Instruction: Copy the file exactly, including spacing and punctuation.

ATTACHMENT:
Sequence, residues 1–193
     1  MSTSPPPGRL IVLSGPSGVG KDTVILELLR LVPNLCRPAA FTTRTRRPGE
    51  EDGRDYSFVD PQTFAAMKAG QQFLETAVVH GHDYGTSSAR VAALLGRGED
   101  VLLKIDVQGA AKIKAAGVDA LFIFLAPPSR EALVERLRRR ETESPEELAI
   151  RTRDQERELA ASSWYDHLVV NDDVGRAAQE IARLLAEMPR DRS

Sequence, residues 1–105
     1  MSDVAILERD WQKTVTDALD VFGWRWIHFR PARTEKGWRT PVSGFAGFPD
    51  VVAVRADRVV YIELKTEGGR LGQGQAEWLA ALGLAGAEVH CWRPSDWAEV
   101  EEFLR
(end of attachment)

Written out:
Sequence, residues 1–193
     1  MSTSPPPGRL IVLSGPSGVG KDTVILELLR LVPNLCRPAA FTTRTRRPGE
    51  EDGRDYSFVD PQTFAAMKAG QQFLETAVVH GHDYGTSSAR VAALLGRGED
   101  VLLKIDVQGA AKIKAAGVDA LFIFLAPPSR EALVERLRRR ETESPEELAI
   151  RTRDQERELA ASSWYDHLVV NDDVGRAAQE IARLLAEMPR DRS

Sequence, residues 1–105
     1  MSDVAILERD WQKTVTDALD VFGWRWIHFR PARTEKGWRT PVSGFAGFPD
    51  VVAVRADRVV YIELKTEGGR LGQGQAEWLA ALGLAGAEVH CWRPSDWAEV
   101  EEFLR